When I was trying to decide what to write about for this week’s Metro column, of course I considered doing a piece on Jon Lester. The handsome 23-year old went 7 and 2 last season, winning his first five decisions—the first rookie lefty to do so for the Sox. For those of you keeping score, that put him ahead of the likes of Bill Lee, Bruce Hurst, and George Herman Ruth. No wonder that while he was still in the minors, the Rangers insisted he be part of a deal for A-Rod, or that the Marlins insisted he be part of a deal for Josh Beckett. Or that the Red Sox were having none of it.
But after 15 starts and 60 strikeouts in his first year in the majors, Jon Lester was diagnosed with lymphoma. Since then, Bostonians have respected the Lesters’ privacy while also wishing him well. A couple of local girls started selling rubber bracelets with Lester’s number on them to raise money for the Jimmy Fund, a longtime Boston charity that helps kids with cancer. And Hub columnists have squeezed every drop of compassion out of their keyboards.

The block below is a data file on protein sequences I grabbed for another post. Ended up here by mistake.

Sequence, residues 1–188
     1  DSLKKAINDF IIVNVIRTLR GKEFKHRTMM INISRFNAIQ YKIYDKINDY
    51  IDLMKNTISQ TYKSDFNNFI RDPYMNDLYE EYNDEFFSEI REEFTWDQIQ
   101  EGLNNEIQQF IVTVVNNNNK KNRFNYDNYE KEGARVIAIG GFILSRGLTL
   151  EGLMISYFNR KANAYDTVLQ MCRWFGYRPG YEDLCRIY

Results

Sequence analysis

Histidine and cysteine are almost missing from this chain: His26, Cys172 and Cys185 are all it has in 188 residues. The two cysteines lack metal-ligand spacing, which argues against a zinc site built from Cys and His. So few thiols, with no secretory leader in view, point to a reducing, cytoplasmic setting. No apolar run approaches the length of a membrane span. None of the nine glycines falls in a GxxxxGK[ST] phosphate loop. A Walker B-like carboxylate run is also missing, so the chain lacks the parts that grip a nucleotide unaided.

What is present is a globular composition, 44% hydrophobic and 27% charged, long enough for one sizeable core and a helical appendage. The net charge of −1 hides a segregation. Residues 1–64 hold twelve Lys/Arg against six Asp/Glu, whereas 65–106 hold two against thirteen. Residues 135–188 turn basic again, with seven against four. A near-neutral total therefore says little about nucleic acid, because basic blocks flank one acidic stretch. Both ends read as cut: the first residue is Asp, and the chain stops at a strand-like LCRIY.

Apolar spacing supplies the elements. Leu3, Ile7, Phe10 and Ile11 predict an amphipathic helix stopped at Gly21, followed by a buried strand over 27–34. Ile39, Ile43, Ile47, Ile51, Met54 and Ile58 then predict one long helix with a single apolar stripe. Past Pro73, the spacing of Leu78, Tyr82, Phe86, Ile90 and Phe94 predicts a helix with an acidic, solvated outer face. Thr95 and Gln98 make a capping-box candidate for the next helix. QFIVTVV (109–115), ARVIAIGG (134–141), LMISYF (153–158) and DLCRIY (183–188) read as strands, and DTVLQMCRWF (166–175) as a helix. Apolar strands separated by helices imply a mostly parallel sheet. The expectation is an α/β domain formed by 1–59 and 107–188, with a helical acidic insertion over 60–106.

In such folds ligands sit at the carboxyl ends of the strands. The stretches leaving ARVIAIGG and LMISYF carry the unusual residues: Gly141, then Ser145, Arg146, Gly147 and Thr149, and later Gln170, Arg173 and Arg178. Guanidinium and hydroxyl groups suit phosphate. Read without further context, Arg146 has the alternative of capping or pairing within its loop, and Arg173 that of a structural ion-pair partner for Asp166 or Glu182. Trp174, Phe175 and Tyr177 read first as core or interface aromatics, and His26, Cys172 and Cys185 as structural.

All the while, Jon Lester has been chomping at the bit, impatient to get back on the mound. “It’s been hard getting treated like you’re in a glass bottle,” he told the Globe. On Monday night, when Jon made his first big league start since his diagnosis, the cameras repeatedly swerved over to Mr. and Mrs. Lester, perched on the edge of their seats. The sideline reporter asked them about their feelings, and they did their best to answer.
Meanwhile, Jon Lester pitched, earning his 8th major league win.
So I decided I’d had enough of the hushed tones that cancer elicits. Enough of the inspirational and the reverential. Enough of glass bottles. Because Jon Lester is six-foot-two and a hundred and ninety pounds. His hat always sits a little crooked, giving him a cocky look that fits his pitching style. He’s got a powerful fastball and a nice curve, which he mixes in with changeups for deception. He’s sometimes erratic—he tends to walk a lot of people and loads the bases more often than I’d like—but has a veteran’s ability to get himself out of those jams. He’s all business (except for the occasional fist-pump) and he’s looking forward to the stretch. Jason Varitek, who’s caught more games than anyone else in a Red Sox uniform, may have felt nervous. But Lester didn’t, at least not after the first pitch.
So if you’re here for the motivational poster, you’ll have to look elsewhere. Jon Lester’s here to play baseball.